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Also known as hyperekplexia, this disorder is characterized by prominent startle responses triggered by noise or touch in puppies. Recognized genes are GLRA1, GLRB, SLC6A5, GPHN and ARHGEF9. All of the named genes play an important role in glycine neurotransmission.
Glycine is an amino acid with a principal function is as precursor to proteins and also as a building block to numerous natural products. It has an important role as an inhibitory neurotransmitter in the central nervous system, especially in the spinal cord, brainstem, and retina.
Affected puppies start to exhibit clinical signs 5 to 7 days after birth in form of extensor rigidity and tremor. The symptoms cease when the animals are sleeping or are relaxed. The puppies are unable to stand and show rigid extended posture in all four limbs typical for this disorder. While sucking or during tube feeding, cyanosis (purple coloration of skin due to lack of oxygen in the tissue) occurs. Affected puppies are smaller and weight less than their unaffected littermates. Tissue abnormalities appear as more severe in male puppies than in the female.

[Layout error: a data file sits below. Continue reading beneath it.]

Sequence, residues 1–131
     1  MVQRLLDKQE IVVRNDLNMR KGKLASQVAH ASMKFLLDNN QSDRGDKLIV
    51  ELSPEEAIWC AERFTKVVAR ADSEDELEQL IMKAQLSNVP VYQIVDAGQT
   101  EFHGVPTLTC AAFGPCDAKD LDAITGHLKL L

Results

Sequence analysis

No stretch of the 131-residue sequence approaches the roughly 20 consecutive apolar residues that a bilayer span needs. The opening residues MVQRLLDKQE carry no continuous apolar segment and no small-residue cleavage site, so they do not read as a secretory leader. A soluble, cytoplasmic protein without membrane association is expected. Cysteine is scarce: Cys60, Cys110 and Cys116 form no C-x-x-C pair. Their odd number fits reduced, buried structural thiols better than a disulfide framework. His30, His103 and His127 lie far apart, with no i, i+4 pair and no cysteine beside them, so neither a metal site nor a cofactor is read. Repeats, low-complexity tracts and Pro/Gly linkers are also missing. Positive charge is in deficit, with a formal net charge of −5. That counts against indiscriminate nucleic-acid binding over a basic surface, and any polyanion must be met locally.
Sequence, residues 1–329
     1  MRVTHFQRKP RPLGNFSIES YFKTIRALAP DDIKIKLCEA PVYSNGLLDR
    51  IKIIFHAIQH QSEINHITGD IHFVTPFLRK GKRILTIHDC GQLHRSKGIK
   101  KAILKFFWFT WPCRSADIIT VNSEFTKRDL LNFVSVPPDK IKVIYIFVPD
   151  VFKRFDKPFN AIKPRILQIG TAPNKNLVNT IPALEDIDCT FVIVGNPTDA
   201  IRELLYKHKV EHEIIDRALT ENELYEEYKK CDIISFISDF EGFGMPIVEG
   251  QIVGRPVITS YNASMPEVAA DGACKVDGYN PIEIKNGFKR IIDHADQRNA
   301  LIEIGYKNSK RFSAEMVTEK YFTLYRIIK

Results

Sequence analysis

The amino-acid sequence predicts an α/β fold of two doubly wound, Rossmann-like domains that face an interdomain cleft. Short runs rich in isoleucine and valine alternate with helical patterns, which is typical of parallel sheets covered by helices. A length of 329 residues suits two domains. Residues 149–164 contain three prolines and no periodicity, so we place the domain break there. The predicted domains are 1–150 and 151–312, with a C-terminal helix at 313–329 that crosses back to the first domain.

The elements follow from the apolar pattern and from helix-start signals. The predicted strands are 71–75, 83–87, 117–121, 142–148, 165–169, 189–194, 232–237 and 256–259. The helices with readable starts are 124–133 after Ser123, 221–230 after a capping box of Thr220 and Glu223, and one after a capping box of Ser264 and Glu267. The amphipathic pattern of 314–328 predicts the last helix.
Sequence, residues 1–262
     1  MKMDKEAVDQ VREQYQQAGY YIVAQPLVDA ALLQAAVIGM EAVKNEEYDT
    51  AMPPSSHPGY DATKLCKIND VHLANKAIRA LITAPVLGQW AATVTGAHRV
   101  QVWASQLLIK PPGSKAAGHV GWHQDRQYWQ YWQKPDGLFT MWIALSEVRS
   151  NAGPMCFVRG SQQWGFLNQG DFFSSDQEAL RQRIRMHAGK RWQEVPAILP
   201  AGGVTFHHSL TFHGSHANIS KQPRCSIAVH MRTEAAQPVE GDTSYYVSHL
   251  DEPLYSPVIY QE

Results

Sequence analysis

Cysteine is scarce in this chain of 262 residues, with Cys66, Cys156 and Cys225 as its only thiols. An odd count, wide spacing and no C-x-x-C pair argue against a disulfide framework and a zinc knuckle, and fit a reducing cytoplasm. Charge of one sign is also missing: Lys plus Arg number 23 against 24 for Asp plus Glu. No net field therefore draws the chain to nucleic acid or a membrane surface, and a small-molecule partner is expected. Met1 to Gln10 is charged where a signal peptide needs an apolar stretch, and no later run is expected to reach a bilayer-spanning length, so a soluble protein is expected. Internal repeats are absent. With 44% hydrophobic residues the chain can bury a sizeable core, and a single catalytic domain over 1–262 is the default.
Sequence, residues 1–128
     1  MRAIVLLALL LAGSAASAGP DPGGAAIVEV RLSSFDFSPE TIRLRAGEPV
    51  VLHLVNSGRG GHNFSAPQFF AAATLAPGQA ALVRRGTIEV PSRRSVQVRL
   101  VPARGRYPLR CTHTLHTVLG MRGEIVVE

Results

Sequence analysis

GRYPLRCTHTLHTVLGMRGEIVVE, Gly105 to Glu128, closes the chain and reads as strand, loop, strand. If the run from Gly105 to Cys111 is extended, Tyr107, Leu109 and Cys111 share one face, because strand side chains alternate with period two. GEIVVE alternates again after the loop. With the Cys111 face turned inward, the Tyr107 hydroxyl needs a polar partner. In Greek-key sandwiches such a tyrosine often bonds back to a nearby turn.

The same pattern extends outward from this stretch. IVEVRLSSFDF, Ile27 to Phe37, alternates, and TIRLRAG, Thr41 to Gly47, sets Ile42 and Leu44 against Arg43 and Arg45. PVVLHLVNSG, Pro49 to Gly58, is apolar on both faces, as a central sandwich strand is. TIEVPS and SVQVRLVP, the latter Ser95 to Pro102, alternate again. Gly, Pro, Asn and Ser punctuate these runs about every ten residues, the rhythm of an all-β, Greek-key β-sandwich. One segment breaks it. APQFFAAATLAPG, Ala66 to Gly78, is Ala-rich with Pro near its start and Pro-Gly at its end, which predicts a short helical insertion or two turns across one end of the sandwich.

Nervous system / Neurologic - Associated with the brain, spinal cord and nerves
Solute carrier family 6 member 5 (SLC6A5) on Chromosome 21
Nucleotide Deletion CanFam 3.1 chr21:42583623-42587925del (4203 bp deletion)
Moderate. This disease can cause significant signs of discomfort and/or dysfunction in affected animals. It may involve relatively high treatment/management costs, and can sometimes reduce life expectancy.
Mode of Inheritance:
Gill, JL. et al. Startle disease in Irish wolfhounds associated with a microdeletion in the glycine transporter GlyT2 gene. (2011) Neurobiology of Disease 43;184–189.
Associated Breed(s):Irish Wolfhound, Mixed Breed,